The Takeaway: Arguably Pete Dye’s best design, The Honors Course doesn’t have a weak hole or feature. The greens are pure, the setting secluded, and the vibe centers solely on golf. Honors is easily the best course in Tennessee and one of the elite courses in America. Grade A+
Designer: Pete Dye in 1983
Phone Number: Henrik Simonsen, Head Professional – (423) 238-9123
Course Website: Official Website - Visit Honors Course's official website by clicking on the link provided.
Directions: Get here! - 9603 Lee Highway, Ooltewah, Tennessee 37363 – UNITED STATES
Photos: See additional photos of Honors Course
What to Expect: The Honors Course was a club that I had on my wish list for years before finally getting to experience the highly touted layout in person. Regarded as Pete Dye’s most universally appealing design, the Honors Course is dedicated to amateur golf and is located in one of the south’s most serene settings. The front nine features several tree lined holes while the back nine enjoys a more open and scenic setting. There is nothing gimmicky at Honors which is a pleasant surprise considering Pete Dye is the designer; in fact, it is difficult to find any fault with the course whatsoever. The terrain features gentle slopes and is surrounded by trees and hills that deliver a sense of intimacy and privacy; the type of feeling that makes you forget everything about the outside world. The collection of holes at Honors is so strong that you could ask 100 different golfers what their favorite hole on the property is and you’d probably get a dozen different answers; something that revered courses like Cypress Point and Pebble Beach can’t lay claim to. In the end, I loved everything about The Honors Course. It has a beautiful mix of grasses, water, and bunkers while featuring outstanding conditioning with greens that roll as pure as the driven snow.
By the Numbers
Individual Hole Analysis
Signature Hole: 16th Hole – 200 Yard Par 3 – The final par three at Honors is a picturesque one-shotter over water to a green that hosts a backdrop of colorful trees. The front of the green is supported by a bank of rocks that offer no forgiveness to tee shots coming up slightly short of the putting surface. No gimmicks and no reprieve, just a beautiful hole that demands a solid golf shot.
Best Par 3: 8th Hole – 200 Yards – With a single bunker and a pond banking the left side of the hole, Pete Dye again challenges players with an attractive and demanding hole. The green is twice as wide in the back portion as it is in the front and a bail out area is offered out to the right. With a few different options of how to play this hole combined with the gorgeous setting, the 8th at Honors is a great one-shotter.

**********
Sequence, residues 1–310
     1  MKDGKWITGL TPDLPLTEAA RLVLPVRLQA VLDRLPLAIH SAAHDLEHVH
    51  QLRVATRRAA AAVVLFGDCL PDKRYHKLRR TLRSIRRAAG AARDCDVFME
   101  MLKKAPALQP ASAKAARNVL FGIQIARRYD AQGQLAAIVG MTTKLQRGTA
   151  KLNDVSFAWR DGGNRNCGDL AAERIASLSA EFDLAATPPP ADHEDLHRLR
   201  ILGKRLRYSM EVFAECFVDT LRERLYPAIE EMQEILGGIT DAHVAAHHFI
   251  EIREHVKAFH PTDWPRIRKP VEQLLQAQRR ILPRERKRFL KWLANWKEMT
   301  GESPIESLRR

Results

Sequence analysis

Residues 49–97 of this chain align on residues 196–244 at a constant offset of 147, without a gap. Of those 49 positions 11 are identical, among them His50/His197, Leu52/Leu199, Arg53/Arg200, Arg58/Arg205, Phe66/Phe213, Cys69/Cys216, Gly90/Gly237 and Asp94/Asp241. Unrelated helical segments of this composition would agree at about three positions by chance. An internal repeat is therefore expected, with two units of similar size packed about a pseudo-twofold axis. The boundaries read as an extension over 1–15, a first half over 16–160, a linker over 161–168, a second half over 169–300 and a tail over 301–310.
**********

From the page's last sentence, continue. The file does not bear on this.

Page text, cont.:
Best Par 4: 15th Hole – 475 Yards – Water again is the theme when taking on the challenging 15th hole. A forced carry is required to find the fairway that is bordered by a grove of trees on the right and water on the left. A small jet of water cuts through the fairway and can give caution to players that hit very large tee shots or that are punching out of the trees. The green turns out towards the water thus installing extra risk when playing to a back left pin.
Best Par 5: 2nd Hole – 560 Yards – A strong par five that gently turns to the right and climbs uphill after the tee shot is what you'll find as the 2nd hole of the day at Honors. A fleet of bunkers are found inside the deep dogleg where an extremely impressive approach shot would be required to find the green. Our caddie said that the most impressive feature about the Honors Course is the collection of par fives. While I think there are more impressive things at Honors than the par fives, the variety and design of the five pars certainly are noteworthy.
Birdie Time: 9th Hole – 365 Yard Par 4 – Ironically, the easiest birdie of the day is the hole that Tiger Woods made the biggest mess out of during the 1996 NCAA Championship. After hitting his approach shot long and right, Tiger’s flop shot carried too far and found the water that protects the front and left side of the green. Tiger successfully found the fringe with his next flop attempt and promptly two-putted for a triple bogey 7. Fortunately, the hole isn't very difficult most of the time. The bowl shaped fairway helps keep tee shots in the short grass and the length of the hole should leave you just a wedge into the green. You normally wouldn’t do what Tiger does, so keep that same theme hear but this time it will work in your favor!
Bogey Beware: 7th Hole – 460 Yard Par 4 – It's holes like this that have earned Pete Dye the famous nickname of "Diabolical." This lengthy dogleg left wraps around a large pond while the fairway slopes to the right towards the trees. In order to have a comfortable yardage into the green and keep it in the fairway, you need to flirt with the water on the left side and put a confident swing on it. Attacking the peninsula green again brings the water into the equation with a safe area located short and right. There are no opportunities to get away with a bad shot on this hole. Pars here are definitely less common than double bogies.